I am a manager in a small software company. We're beginning to experience difficult AR collections as well as declining sales—a bad combo for a small company with little to no cash reserves, but that's a rant for another time.
My immediate problem is that the president of the company wants to implement 15 percent pay cuts. And, he wants to keep them indefinitely even when the financial picture improves. He's under the impression that employees are worth less money in a recession and argues it's simple supply and demand to drive down the market price: There are fewer jobs available as well as more qualified candidates. It sounds like crazy Reaganomics to me.
Crazy, perhaps, but not Reaganomics and not crazy for the reasons you think it is. (Unless your boss also wants to lower marginal tax rates, which, in my book, would be great, but I doubt he has the power to do so.)
Your boss is right. When unemployment is high there are more people for fewer jobs. Therefore, people are willing to take less money for a job than they would when unemployment was low. After all, a lower-paying job that you have is much better than an imaginary higher-paying job.
Your company isn't bringing in as much money now as it once was. Just where do you think paychecks come from? It's not from the paycheck fairy. Your boss is understandably concerned about money. But this is where he gets crazy.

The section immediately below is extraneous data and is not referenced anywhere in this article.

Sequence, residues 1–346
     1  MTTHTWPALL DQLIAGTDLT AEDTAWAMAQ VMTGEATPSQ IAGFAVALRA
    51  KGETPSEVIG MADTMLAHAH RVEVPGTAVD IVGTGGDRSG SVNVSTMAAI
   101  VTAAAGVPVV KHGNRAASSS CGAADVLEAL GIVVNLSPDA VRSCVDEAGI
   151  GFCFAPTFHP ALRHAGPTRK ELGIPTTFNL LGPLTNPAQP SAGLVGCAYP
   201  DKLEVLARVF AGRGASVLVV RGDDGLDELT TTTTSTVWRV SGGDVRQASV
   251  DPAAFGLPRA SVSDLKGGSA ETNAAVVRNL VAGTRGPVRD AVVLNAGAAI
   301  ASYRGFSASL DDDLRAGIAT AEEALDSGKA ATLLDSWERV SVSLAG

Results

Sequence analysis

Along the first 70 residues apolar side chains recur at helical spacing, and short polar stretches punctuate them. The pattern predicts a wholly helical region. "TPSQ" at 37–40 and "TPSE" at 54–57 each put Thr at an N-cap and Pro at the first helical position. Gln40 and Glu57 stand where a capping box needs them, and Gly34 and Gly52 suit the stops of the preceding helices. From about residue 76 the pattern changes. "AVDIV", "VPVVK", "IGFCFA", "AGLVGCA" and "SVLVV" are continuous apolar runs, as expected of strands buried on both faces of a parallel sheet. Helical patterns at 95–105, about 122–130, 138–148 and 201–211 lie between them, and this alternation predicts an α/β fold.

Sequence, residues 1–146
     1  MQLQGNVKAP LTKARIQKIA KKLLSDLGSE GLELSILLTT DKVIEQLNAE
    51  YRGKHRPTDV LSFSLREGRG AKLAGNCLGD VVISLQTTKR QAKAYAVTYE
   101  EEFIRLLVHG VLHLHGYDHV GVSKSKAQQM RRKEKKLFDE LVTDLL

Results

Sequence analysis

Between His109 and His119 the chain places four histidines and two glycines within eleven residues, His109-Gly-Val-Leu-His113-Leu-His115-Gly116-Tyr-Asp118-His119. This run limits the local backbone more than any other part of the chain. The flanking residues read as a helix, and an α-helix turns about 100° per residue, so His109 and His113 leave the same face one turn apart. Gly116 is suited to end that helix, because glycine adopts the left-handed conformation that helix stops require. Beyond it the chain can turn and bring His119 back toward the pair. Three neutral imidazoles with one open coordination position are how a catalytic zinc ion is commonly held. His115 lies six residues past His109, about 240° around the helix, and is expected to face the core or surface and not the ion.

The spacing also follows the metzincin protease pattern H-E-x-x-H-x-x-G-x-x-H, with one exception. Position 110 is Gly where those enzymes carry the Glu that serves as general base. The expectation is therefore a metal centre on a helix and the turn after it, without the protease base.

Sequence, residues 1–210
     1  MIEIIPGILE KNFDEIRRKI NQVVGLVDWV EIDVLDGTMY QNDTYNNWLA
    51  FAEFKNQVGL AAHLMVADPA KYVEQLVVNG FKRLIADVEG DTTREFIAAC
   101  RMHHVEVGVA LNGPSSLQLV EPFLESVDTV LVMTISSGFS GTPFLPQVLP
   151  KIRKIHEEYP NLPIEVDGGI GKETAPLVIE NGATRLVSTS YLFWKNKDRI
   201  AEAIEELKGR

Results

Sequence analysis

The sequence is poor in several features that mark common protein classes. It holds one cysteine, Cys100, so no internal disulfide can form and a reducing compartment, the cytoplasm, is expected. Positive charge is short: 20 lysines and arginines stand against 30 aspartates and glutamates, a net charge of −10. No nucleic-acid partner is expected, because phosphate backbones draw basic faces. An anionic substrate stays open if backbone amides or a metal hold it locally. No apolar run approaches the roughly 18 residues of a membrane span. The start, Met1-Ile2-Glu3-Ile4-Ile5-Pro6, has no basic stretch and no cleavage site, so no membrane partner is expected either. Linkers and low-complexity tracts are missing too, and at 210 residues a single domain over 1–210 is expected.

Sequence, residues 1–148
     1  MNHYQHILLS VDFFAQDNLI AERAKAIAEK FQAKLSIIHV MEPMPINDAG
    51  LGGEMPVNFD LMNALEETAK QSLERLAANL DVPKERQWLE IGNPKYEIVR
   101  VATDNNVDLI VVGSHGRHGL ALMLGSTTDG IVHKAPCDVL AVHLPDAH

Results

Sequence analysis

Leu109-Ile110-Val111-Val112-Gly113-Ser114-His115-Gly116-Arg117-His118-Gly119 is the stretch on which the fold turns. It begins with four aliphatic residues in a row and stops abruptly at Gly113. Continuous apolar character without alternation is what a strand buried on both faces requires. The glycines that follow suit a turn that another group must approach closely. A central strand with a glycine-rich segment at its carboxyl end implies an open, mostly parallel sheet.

In most companies, but especially one like yours that develop software, people are your best and most expensive asset. But that doesn't mean you can always pay them at high levels.
I have no problem with a statement to the company like this: "As you know, revenues are down, so I had to make a choice. I either have to implement layoffs or I'm going to have to decrease salaries, including my own. I've thought long and hard about this and I really want to make this business successful for all of us, so I've decided to implement a 15 percent pay cut across the board."
Then here is where your boss screwed up. His next sentence should be: "And when our revenues return to 2007 levels, we will ratchet everyone's salary back up." Because keeping salaries down when revenues are good is the crazy part. By giving an actual, measurable standard (2007 revenue levels), employees will know when their salaries will rise. They can work to achieve that. His way of doing it says: "I care about me, me, and did I mention me?" It will alienate employees, and why should they work harder if they'll never recover the 15 percent?
What he needs to do is weather the hard financial times. Announcing that you are willing to take advantage of your employees is not weathering the hard times; it is taking advantage of a situation. Sure, he'll be able to retain people for a while. After all, there are not as many jobs out there. But as soon as the financial picture starts to improve, he will lose his best people. Not his worst—they'll stay because they won't be able to make more money elsewhere—but his best people will walk out the door.
It's his business, so he can do what he wants. I wouldn't want to be him when the general economy improves, because his business won't improve with it. His good people will be gone and he won't be able to replace them for the salaries they left with. In fact, if there is any way to avoid cutting salaries, he should take it. If there is no other way, then make sure it's a temporary cut. And make sure the employees know that.
Suzanne Lucas has nine years of Human Resources experience, most of which has been in a Fortune 500-company setting. She holds a Professional in Human Resources Certificate from the Society for Human Resource Management. She blogs at Evil HR Lady.